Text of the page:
Pakistani teen Malala Yousafzai, shot in the head last year by the Taliban for campaigning for girls’ education, vowed Friday to intensify her struggle for “a world where everyone can go to school.”
Speaking at a ceremony in The Hague where she was awarded the 2013 International Children’s Peace Prize, Malala said last October’s attack on her had made her more determined than ever to continue her campaign.
Malala, 16, received her prize from the 2011 Nobel Peace laureate, Yemeni journalist and activist Tawakkol Karman, who told a humbled Malala “you are my hero.”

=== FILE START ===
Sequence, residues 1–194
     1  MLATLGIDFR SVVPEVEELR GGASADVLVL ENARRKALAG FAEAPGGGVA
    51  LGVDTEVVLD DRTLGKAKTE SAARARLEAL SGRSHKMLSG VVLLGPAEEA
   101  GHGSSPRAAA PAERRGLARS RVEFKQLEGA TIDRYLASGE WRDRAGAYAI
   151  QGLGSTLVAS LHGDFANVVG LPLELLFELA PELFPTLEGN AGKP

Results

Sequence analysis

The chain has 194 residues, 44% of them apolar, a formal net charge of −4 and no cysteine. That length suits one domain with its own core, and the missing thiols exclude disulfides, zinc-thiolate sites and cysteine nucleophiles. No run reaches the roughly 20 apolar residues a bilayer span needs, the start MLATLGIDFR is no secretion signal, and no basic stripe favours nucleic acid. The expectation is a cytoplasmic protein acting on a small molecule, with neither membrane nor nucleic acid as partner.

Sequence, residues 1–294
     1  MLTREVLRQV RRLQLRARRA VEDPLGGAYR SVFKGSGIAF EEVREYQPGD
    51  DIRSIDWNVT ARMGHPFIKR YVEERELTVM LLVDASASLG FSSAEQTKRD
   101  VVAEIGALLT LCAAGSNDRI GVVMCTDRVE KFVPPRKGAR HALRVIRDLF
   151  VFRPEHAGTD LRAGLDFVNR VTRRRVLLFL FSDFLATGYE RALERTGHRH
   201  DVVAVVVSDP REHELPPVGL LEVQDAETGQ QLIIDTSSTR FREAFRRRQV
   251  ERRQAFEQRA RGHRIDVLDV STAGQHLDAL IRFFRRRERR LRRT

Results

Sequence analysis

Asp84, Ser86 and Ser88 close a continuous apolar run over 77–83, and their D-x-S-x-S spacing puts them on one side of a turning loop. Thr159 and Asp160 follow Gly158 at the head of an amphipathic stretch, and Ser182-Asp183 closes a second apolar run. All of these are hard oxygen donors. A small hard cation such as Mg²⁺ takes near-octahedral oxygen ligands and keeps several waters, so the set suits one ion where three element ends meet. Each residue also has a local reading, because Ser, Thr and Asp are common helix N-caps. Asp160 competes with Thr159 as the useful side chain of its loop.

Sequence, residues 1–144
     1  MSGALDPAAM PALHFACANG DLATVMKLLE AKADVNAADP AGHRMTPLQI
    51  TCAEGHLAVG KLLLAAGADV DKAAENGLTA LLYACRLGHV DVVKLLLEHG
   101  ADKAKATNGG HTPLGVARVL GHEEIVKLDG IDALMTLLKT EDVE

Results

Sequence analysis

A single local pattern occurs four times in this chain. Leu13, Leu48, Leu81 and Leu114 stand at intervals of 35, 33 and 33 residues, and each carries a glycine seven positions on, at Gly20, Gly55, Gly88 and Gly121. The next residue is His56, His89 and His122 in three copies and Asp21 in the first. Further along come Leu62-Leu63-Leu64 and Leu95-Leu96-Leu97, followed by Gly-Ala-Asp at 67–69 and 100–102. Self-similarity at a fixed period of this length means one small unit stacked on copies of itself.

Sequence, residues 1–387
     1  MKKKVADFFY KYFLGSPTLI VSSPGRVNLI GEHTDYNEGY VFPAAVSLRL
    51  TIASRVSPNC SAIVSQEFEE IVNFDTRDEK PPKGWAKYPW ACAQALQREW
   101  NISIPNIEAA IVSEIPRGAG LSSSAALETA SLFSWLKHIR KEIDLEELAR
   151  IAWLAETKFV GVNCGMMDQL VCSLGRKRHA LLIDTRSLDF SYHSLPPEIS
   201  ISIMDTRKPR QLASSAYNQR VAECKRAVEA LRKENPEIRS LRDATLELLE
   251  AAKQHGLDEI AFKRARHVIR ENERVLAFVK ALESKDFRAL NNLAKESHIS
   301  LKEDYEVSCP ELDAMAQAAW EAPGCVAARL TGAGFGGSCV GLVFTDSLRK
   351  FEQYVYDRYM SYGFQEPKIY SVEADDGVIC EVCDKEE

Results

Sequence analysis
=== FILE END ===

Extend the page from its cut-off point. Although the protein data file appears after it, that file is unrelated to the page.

After she was shot, Malala was given life-saving treatment in Britain where she now lives.
Her brave fight for survival and her speech at the United Nations in July have made her a leading contender for this year’s Nobel Peace Prize.
But the response to her in Pakistan has been mixed, with many hailing her as a national heroine while others have criticised her for promoting a “Western” agenda.
The International Children’s Peace Prize, an initiative of the Dutch-based KidsRights Foundation, was launched in 2005 and set off by former Soviet leader Mikhail Gorbachev when he chaired the Summit of Nobel Peace Laureates in Rome.
It carries a cash value of 100,000 euros ($133,000) that is invested in projects relating to the winner’s cause.
Last year’s winner was 13-year-old Cris “Kesz” Valdez for his work with Filipino street children while he himself was destitute.